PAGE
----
Dr. Abd-Elsayed’s research interests involve finding new clinical strategies to reduce chronic pain and for general pain management treatment. By carefully considering the pathology of the pain and treating the whole patient, the team has been able to treat many patients with state-of-the-art therapies, including using advanced technology and modalities, that are successful in reducing or blocking pain and dramatically improving their quality of life.
Research in the Banks lab centers on how changes in brain activity and connectivity result in changes in consciousness. Studies focus on neural mechanisms of loss and recovery of consciousness under anesthesia, the overlap of these mechanisms with changes in arousal during natural sleep, the link between inflammation and brain function during postoperative delirium, and the mechanisms whereby psychedelics ameliorate psychiatric disorders (depression, substance use disorder).
Dr. Bevil’s lab investigates the incorporation of regional anesthesia techniques in the perioperative treatment of pain to improve outcomes and uncover patients’ understanding of their pain and postsurgical experiences. In evaluating the impact of quadratus lumborum block on the recovery profile of ventral hernia repair patients, she aims to increase the understanding of a relatively new regional technique for postoperative analgesia and which procedure types may benefit from this block.
The Bilen-Rosas lab’s mission and passion are to find solutions to improve care and prevent catastrophic outcomes. Upon discovering a novel approach to measuring airflow and volume using pulsed wave Doppler, Dr. Bilen-Rosas formed a multidisciplinary team to investigate. The lab is now developing a clinically useful respiratory monitoring device that could prevent or mitigate decompensation due to sedation-related respiratory compromise.
Dr. Campbell’s laboratory explores how RNAs are recognized and subsequently controlled. Research focuses on understanding how post-transcriptional controls contribute to persistent changes in neuronal activity. These changes are integral in a range of key biological processes such as long-term changes in the activity of sensory neurons that detect and relay pain signals. Accordingly, disruption of the underlying molecular mechanisms that drive plasticity may provide new ways to prevent the onset of chronic pain states.
Dr. Groose’s research focuses on anesthesiologists’ pivotal role in perioperative management to optimize outcomes of liver transplantation. Liver transplants improve survival and reduce symptom burden, but pose a significant risk of adverse events. Anesthesiologists decide who receives transplants and whose care to optimize, and manage intraoperative and immediate postoperative care. Given the scarcity of liver allografts, improving recipient outcomes and graft survival is crucial.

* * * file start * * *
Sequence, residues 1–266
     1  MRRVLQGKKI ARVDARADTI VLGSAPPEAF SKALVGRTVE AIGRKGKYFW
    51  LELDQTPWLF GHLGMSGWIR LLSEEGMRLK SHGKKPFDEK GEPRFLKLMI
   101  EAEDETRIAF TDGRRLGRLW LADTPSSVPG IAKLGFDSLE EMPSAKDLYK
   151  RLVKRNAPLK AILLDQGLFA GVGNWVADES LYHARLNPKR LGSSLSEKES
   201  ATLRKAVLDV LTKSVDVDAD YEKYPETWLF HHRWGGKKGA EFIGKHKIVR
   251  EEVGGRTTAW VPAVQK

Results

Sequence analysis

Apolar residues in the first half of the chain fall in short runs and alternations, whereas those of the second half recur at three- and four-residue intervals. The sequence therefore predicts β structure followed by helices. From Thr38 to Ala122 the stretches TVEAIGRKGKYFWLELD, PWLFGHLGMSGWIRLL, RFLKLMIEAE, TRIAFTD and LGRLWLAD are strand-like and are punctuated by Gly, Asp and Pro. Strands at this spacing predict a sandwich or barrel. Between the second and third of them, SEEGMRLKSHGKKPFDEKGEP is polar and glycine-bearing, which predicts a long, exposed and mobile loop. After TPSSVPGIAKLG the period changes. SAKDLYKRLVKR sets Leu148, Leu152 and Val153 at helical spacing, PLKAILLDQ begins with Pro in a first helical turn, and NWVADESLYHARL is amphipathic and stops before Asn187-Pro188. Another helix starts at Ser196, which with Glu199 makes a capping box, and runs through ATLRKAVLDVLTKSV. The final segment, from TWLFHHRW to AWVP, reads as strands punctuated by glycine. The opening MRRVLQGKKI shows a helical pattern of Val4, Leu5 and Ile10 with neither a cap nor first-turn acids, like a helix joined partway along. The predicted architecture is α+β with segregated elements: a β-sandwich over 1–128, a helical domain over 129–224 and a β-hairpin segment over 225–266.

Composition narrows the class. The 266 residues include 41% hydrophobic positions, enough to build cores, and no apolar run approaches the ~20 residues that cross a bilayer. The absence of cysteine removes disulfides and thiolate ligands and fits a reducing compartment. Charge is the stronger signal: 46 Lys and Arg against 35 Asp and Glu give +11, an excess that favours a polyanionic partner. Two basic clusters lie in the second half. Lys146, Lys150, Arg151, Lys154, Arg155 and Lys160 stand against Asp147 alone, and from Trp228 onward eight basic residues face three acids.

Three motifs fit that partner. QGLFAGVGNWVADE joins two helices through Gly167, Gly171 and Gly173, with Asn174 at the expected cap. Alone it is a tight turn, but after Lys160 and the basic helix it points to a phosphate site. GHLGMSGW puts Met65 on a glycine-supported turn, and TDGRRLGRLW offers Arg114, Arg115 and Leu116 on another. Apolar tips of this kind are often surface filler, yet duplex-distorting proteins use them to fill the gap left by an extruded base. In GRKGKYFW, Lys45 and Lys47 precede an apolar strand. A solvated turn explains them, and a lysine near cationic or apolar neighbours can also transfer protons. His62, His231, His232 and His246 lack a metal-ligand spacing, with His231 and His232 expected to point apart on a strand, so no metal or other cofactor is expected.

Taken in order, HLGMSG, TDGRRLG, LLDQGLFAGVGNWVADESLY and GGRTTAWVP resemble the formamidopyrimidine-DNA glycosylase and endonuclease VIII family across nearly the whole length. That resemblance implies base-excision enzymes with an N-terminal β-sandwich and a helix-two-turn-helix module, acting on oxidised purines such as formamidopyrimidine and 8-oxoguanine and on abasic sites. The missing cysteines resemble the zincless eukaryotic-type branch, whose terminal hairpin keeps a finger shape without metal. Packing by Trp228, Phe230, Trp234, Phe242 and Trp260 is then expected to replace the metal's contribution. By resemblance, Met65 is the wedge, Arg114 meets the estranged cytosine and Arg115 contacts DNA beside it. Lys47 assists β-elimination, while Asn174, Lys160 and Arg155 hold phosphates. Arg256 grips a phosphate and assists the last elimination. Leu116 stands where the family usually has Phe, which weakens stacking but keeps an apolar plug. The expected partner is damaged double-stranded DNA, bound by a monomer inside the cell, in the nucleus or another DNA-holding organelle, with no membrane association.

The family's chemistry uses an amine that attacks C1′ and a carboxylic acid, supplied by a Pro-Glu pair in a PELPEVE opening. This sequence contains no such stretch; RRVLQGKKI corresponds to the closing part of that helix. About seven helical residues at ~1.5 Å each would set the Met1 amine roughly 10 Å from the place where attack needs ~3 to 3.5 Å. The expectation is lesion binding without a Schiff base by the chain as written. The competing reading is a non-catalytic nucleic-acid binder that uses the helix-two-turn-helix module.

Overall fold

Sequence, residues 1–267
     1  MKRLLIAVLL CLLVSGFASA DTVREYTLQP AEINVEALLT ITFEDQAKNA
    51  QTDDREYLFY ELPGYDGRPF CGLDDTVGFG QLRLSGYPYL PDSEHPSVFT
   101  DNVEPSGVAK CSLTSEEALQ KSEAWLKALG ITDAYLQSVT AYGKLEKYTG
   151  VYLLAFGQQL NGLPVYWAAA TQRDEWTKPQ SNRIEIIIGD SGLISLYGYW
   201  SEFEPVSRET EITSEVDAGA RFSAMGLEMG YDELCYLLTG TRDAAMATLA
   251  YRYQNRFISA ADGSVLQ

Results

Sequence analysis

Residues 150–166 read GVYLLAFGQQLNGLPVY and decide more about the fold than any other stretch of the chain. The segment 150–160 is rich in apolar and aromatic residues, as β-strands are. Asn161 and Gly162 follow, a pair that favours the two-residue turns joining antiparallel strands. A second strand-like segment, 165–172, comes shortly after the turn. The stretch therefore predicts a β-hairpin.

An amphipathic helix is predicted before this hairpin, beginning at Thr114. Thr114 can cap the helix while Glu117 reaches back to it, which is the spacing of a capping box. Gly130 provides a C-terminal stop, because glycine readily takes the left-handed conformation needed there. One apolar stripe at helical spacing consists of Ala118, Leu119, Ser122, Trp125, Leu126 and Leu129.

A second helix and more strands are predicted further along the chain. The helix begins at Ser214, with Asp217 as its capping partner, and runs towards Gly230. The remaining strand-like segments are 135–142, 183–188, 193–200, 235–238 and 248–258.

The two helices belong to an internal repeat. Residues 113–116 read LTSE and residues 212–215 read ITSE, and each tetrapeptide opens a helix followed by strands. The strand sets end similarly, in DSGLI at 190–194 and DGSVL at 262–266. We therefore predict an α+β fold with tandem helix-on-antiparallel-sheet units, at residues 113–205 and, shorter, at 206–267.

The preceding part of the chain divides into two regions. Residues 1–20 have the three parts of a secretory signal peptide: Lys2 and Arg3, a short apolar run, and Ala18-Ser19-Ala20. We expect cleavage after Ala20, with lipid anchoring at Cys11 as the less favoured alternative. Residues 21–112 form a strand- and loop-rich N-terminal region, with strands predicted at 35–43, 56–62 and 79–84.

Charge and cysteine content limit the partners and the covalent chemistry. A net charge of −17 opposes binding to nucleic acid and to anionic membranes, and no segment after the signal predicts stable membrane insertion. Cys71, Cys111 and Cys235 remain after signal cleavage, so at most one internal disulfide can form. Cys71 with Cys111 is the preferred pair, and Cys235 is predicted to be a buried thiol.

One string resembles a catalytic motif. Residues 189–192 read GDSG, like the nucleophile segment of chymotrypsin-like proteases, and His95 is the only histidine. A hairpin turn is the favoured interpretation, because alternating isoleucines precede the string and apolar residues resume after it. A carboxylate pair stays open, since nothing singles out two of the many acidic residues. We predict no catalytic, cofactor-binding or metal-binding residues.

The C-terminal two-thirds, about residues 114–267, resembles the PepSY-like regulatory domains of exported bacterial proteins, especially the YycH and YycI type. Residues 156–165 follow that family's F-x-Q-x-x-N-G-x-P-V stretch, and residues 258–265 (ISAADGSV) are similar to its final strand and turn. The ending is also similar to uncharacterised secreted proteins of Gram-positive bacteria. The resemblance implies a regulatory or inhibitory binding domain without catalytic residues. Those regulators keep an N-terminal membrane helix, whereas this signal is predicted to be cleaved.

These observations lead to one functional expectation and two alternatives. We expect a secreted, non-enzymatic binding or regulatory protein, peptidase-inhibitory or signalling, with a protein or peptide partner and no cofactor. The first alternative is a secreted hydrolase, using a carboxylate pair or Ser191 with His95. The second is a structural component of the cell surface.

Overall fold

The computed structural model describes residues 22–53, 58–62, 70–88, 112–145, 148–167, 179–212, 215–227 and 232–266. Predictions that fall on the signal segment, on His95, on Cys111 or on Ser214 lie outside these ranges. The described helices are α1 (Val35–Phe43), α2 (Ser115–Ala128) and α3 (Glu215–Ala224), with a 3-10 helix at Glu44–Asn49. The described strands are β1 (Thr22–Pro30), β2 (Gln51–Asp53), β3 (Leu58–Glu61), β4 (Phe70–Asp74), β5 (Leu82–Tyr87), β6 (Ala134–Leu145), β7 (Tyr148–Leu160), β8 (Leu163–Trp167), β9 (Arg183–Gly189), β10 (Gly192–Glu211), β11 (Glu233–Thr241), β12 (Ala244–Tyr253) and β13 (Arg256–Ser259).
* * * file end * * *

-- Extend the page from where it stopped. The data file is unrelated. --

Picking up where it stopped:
Dr. Hartman’s current research focuses on quick implementation of therapy trial protocols to expeditiously bring novel treatments from the laboratory to the patient. Dr. Hartman concentrates on phase 2 and phase 3 clinical trials. University of Wisconsin-Madison is ideal for these types of trials because of the efficient Office of Clinical Trials staffed with highly skilled and motivated coordinators.
Dr. Hess’ research interests are in alternative red blood cell transfusion triggers and the epidemiology of non-trauma massive transfusion. Our lab is currently developing ways to noninvasively measure tissue oxygenation at the bedside to make personalized transfusion decisions. We are also running the largest-ever observational study of blood use in American surgery with the collaboration of the Multicenter Perioperative Outcomes Group (MPOG).
Dr. Hogan investigates the effects of surgery and anesthesia on the mechanisms that turn genes on and off (“epigenetics”) in patients at risk for postoperative delirium and cognitive decline with a focus on accelerated onset and progression of Alzheimer’s disease.
The Lennertz research group studies altered states of consciousness. Collaborative projects seek to understand postoperative delirium, the effects of anesthetic medications and how psychedelics treat depression. The group also has an interest in acute perioperative pain and the transition to chronic pain.
K.A. Kelly McQueen, MD, MPH, FASA
Dr. McQueen focuses on studying infrastructure and anesthesia and surgical outcomes in low and middle-income countries. Her 25+ years of research and programing has improved access to surgery and safe anesthesia, patient safety and patient outcomes in Subsaharan Africa and Central America.
The Pearce laboratory seeks to understand the neurophysiological basis of memory suppression under general anesthesia. Research focuses primarily on inhibitory neurons and synapses in the hippocampus, a brain region that is essential for the formation of new memories. His laboratory’s current studies utilize genetic manipulations, brain slice electrophysiology, behavioral pharmacology, and large-scale optical imaging of cellular activity in freely exploring mice.
The Perouansky laboratory uses molecular tools available in the fruit fly (Drosophila melanogaster) to identify genetic determinants of anesthetic neurotoxicity.
Dr. Walker’s research is focused on pediatric perioperative pain management strategies. By studying risks and complications as part of national and international databases, and through direct clinical research at our institution, his goal is to find innovative approaches and protocols that maximize non-opioid techniques and improve care for the youngest patients.